tho President may deem it best
to apnoint three commissioners to represent
the United States, although Gov. Porter,
the Assistant Secretary of State, is of the
opinion that this course is entirely unneces
sary. Whether there is a commission or
not, there will undoubtedly be a convention
prepared before the meeting of Congress to
!*> submitted to the Senate for ratification.
What the action of the Senate will be is
problematical, but unless there is
a marked change of sentiment
in that body from that which existed last
year, any treaty is likely to fail.
It is believed at tbe Department of
State that the first conference will
be held some time during the fall or
next winter. The place of meeting has not
yet lteen decided upon, but the indications
are that the negotiators will meet first in
Washington and then proceed to Halifax.
KEY WEST’S TEASER.
Just Enough Yellow Fever In the City
to be Mentioned.
Washington, Sept. 1. —A dispatch from
Key West was received this morning at the
office of the Marine Hospital Service, whfi h
stated that tho number of cases of yellow
fever reported there to Sept. 1, was 374, and
the number of death* 63, an increase of 17
cases and 1) deaths in the past nine days.
The situation is regarded at the office us
slightly favorable, since the mortality is on
the whole comparatively low. As yet the
new cases are almost entirely confined to
A DEATH AT NEW YORK.
New York, Sopt. I.—Edward Johnson,
an employe of the Baxter Wrecking Com
pany, was a passenger per the Mallory’s
steamer City of San Antonio, from Key
West, which arrived at quarantine Aug. 30.
On the steamer’s arrival Johnson was round
suffering from yellow fever and was prompt
ly transferred to Swinebume Island hos
pital, where he died at midnight last night.
GOOD CHEER FOR COLORADO.
The Utes All on the Reservation and a
Washington, Sept. I.—Gen. Terry in
forms the War Department of the receipt
of the following telegram from Maj. Rand
lett, dated Fort Duchesne, Aug. GO: “Capt.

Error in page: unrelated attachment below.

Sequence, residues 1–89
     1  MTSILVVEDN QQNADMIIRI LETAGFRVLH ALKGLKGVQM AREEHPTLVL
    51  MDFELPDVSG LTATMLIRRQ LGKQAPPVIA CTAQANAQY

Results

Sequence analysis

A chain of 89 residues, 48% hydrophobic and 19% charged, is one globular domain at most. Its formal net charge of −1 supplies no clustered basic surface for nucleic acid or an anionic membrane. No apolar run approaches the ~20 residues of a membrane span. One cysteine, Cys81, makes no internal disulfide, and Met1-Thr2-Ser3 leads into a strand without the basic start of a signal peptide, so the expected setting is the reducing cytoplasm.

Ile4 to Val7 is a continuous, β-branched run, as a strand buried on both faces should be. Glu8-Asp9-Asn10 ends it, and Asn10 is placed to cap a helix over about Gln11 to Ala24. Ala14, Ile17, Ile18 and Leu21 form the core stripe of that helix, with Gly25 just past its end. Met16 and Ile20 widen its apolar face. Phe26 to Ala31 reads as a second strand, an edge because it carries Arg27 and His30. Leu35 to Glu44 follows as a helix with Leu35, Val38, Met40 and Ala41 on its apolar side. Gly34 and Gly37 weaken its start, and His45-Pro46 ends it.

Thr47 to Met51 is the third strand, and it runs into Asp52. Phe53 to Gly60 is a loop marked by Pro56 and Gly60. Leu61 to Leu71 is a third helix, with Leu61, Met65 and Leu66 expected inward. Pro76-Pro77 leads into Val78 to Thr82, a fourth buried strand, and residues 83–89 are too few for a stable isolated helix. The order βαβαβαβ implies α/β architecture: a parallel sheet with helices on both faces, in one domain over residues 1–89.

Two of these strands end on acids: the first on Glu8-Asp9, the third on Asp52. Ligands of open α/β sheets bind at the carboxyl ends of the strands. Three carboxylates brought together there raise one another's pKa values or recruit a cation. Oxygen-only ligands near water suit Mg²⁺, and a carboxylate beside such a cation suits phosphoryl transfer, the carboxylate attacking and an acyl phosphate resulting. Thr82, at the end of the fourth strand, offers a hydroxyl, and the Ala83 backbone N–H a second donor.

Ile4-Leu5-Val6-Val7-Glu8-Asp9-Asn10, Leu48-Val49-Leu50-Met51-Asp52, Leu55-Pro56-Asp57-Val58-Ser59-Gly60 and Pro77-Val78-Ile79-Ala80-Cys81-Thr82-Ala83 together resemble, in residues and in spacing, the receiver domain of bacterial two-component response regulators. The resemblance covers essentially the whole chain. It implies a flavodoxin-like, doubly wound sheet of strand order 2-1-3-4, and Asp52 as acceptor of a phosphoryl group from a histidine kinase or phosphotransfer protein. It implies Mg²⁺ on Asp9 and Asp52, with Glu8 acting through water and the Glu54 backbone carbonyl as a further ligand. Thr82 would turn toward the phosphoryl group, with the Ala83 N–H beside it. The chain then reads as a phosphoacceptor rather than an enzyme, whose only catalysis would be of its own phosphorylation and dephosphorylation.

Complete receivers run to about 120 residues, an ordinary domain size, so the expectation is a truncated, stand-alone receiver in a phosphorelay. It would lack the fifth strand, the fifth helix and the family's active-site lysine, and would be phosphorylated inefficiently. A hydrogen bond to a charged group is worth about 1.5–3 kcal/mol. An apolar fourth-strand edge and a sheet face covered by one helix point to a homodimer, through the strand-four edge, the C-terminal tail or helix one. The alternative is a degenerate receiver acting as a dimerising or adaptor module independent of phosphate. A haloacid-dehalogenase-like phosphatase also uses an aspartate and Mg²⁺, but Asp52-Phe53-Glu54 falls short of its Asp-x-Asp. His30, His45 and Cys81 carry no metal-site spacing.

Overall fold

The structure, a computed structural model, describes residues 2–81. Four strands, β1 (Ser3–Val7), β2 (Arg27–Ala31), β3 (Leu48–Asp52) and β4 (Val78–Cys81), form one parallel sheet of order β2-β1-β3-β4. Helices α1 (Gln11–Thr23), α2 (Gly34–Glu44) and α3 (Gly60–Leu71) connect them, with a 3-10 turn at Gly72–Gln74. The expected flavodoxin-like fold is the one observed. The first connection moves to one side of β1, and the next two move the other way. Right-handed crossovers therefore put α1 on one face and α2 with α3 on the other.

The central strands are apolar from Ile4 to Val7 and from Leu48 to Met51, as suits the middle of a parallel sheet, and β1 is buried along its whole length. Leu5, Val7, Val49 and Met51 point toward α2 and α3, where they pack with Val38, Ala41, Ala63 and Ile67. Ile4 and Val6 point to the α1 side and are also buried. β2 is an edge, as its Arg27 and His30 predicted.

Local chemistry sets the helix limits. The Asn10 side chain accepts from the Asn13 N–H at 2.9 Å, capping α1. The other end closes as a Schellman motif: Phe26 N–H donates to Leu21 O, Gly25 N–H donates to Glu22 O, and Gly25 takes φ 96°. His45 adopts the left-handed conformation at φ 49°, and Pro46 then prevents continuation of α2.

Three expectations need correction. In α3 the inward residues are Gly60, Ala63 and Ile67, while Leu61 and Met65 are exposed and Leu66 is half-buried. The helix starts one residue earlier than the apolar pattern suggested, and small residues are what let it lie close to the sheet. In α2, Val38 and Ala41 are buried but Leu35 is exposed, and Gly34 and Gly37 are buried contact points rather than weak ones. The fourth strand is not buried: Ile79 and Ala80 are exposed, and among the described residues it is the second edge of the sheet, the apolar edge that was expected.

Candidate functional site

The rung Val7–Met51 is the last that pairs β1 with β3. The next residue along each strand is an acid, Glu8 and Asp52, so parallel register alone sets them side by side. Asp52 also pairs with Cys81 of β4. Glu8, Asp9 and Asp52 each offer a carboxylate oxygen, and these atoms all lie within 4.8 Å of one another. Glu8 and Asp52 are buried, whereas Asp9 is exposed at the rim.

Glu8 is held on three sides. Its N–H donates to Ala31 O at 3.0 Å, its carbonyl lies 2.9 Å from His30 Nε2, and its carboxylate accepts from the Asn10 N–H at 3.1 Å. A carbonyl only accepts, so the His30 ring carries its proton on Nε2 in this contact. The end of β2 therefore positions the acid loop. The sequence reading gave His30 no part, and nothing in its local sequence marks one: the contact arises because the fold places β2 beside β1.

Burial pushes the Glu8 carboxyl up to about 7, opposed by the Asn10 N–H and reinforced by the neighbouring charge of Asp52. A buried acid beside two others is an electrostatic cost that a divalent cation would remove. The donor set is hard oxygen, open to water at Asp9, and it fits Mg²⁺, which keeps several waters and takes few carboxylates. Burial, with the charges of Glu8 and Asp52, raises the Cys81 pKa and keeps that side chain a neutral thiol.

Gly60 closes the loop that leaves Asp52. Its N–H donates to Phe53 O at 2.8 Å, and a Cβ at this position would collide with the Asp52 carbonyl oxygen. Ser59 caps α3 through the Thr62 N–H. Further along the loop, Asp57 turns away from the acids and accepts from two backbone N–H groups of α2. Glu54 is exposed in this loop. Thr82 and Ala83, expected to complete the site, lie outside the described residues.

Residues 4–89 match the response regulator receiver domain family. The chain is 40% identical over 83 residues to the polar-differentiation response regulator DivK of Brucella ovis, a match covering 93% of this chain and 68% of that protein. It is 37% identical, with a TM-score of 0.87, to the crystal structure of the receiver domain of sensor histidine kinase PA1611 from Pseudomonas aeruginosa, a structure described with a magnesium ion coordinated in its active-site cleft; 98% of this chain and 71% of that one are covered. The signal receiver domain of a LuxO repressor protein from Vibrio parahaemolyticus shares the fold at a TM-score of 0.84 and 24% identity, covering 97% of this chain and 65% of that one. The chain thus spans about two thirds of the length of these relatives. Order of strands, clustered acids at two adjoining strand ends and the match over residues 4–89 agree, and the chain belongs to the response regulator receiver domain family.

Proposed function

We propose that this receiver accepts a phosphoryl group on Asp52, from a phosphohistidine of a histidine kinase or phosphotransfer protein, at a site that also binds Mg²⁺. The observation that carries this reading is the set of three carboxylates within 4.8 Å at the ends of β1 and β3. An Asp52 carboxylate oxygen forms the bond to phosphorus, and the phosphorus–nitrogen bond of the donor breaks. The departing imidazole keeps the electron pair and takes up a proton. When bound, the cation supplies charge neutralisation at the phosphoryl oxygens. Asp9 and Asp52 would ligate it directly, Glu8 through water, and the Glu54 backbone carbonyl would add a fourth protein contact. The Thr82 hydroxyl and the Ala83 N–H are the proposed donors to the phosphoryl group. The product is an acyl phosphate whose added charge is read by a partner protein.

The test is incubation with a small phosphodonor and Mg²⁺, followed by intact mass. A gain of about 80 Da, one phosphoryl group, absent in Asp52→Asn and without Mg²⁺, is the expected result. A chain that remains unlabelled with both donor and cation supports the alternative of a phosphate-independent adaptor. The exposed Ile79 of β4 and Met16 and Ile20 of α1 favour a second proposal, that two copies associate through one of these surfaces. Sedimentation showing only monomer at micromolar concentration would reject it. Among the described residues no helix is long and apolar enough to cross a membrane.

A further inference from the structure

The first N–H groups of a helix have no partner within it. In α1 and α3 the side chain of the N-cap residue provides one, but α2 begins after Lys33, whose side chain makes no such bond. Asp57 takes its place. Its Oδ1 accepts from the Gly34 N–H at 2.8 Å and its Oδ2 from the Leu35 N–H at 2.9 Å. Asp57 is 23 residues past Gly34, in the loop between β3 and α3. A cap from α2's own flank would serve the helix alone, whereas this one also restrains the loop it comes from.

Dawson, with his troops, Indian Agent
Byrnes and tho head men of the U tee started
yesterday to meet Gen. Crook and Gov.
Adams at Hooker. The Utes are all on the
reservation. There are no fears of any
leaving it. This can be assured the people
September's Debt Statement.
Washington, Spet. L—The debt state
ment issued to-day shows the decrease of
the public debt during tbe month of August
to lie $4,809, 47.5 41; tne decline of the debt
since June 30, 1887, $9,654,370 34, the cash
in the Treasury $449,991, 729 87; the gold
certificates outstanding $88,765,340, the sil
ver certificates outstanding $147,876,385, the
certificates of (le]ioslt outstanding $7,180,-
000; the legal tenders outstanding $846,681,-
016; the fractional currency (not including
the amount estimated as lost or destroyed)
$6, 943 39.
A Monument to Confederate Dead.
Washington, Sept. 1. —The Secretary of
War has approved the request of the Con
federate Association at Chicago, to erect a
memorial to the Confederate dead buried In
the government lot in Oakland Cemetery,
near that city, under such regulations as
may be prescribed by the Quartermaster
Carlisle at Oakview.
Washington, Sept. 1. —Speaker Car
lisle, who arrival in Washington a few
days ago, went to Oak View this afternoon
to spend a few days as the guest, of the
Trade Dollar Redemption.
Washington, Sept. L —The trade dollars
redeemed to (late are 7,153,000. The Treas
ury j iconic believe that but few more are
Disasters to Cotton.
New Orleans, La., Sept. I.—A special
from Vicksburg to the Times-Democrat
says: “Fully 65 per cent, of the cotton in
the Rolling Fork, Deer Creek and Lake
Washington sections has been stripjx-J of its
leaves, as though fire had swept over the
fields which, three days ago, looked so
green and promising.”
A special from Carencro to the Tinies-
Dr.moerat says: “Cotton in this section is
cut short fully 50 per cent, on account of
Los Angelos’ Chinese.
Los Angeles, Cal., Kept. L-e-China town
in this city w as completely burned out four